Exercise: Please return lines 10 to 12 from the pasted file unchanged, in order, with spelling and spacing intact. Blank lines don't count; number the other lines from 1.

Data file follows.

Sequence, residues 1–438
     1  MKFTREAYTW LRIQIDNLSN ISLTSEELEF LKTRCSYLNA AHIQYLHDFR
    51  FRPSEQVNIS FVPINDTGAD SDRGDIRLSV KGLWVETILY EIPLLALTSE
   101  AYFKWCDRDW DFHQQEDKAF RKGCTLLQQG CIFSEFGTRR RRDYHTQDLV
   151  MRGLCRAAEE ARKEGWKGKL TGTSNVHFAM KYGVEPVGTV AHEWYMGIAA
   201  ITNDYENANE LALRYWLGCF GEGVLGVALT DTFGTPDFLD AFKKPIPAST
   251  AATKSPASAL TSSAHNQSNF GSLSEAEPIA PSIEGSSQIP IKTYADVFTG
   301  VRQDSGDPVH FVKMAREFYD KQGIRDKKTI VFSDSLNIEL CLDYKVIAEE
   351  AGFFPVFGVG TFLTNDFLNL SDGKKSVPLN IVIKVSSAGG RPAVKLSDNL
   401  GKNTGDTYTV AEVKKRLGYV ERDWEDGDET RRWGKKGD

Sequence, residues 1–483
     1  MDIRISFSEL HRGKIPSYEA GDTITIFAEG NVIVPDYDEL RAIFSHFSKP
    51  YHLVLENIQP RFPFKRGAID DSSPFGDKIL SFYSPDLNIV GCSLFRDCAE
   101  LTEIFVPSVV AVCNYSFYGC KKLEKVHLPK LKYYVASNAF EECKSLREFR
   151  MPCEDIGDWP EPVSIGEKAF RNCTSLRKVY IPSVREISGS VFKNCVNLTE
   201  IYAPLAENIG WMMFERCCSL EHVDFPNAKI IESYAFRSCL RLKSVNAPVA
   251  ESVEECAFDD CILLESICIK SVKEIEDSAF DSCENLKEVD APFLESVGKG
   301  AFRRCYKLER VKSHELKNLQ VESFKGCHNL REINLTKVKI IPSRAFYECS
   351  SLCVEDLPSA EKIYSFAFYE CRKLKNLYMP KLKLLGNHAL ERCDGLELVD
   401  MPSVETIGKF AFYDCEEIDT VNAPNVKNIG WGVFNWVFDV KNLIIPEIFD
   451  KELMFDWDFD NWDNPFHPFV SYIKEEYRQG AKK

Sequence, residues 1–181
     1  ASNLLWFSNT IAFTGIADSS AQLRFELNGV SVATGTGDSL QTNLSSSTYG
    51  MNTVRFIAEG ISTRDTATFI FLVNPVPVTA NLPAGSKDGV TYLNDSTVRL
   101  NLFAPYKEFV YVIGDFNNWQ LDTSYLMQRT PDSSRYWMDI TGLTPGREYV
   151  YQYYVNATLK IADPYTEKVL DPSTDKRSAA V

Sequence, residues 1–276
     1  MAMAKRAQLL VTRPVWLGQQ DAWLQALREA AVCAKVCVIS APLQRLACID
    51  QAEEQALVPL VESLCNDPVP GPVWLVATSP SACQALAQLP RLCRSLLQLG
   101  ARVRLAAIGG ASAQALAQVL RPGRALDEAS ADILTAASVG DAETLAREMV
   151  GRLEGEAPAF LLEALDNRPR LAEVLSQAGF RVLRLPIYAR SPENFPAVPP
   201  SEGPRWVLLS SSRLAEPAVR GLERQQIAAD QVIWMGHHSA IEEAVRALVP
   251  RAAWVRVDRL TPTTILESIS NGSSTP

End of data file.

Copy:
   401  GKNTGDTYTV AEVKKRLGYV ERDWEDGDET RRWGKKGD

Sequence, residues 1–483
     1  MDIRISFSEL HRGKIPSYEA GDTITIFAEG NVIVPDYDEL RAIFSHFSKP